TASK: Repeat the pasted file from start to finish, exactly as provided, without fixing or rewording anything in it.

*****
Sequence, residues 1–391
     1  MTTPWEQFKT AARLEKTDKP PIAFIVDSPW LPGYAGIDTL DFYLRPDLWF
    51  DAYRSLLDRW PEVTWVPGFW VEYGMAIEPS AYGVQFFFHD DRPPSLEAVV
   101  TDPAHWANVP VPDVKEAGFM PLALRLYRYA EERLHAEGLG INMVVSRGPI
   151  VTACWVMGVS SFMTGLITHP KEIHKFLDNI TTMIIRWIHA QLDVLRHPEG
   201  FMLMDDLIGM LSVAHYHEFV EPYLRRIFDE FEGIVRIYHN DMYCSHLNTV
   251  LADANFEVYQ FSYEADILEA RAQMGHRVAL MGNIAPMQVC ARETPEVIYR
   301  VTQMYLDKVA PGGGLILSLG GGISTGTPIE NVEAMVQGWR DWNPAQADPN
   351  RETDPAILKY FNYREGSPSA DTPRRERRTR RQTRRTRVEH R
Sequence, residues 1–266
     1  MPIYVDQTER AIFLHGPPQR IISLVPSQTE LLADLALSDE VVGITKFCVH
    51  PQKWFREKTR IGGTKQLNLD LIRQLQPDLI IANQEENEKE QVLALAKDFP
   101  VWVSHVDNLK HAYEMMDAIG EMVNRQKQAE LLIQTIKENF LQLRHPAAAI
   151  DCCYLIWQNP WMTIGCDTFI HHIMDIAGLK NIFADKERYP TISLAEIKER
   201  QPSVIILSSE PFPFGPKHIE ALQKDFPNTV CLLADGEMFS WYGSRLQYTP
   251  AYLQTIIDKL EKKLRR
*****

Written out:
Sequence, residues 1–391
     1  MTTPWEQFKT AARLEKTDKP PIAFIVDSPW LPGYAGIDTL DFYLRPDLWF
    51  DAYRSLLDRW PEVTWVPGFW VEYGMAIEPS AYGVQFFFHD DRPPSLEAVV
   101  TDPAHWANVP VPDVKEAGFM PLALRLYRYA EERLHAEGLG INMVVSRGPI
   151  VTACWVMGVS SFMTGLITHP KEIHKFLDNI TTMIIRWIHA QLDVLRHPEG
   201  FMLMDDLIGM LSVAHYHEFV EPYLRRIFDE FEGIVRIYHN DMYCSHLNTV
   251  LADANFEVYQ FSYEADILEA RAQMGHRVAL MGNIAPMQVC ARETPEVIYR
   301  VTQMYLDKVA PGGGLILSLG GGISTGTPIE NVEAMVQGWR DWNPAQADPN
   351  RETDPAILKY FNYREGSPSA DTPRRERRTR RQTRRTRVEH R
Sequence, residues 1–266
     1  MPIYVDQTER AIFLHGPPQR IISLVPSQTE LLADLALSDE VVGITKFCVH
    51  PQKWFREKTR IGGTKQLNLD LIRQLQPDLI IANQEENEKE QVLALAKDFP
   101  VWVSHVDNLK HAYEMMDAIG EMVNRQKQAE LLIQTIKENF LQLRHPAAAI
   151  DCCYLIWQNP WMTIGCDTFI HHIMDIAGLK NIFADKERYP TISLAEIKER
   201  QPSVIILSSE PFPFGPKHIE ALQKDFPNTV CLLADGEMFS WYGSRLQYTP
   251  AYLQTIIDKL EKKLRR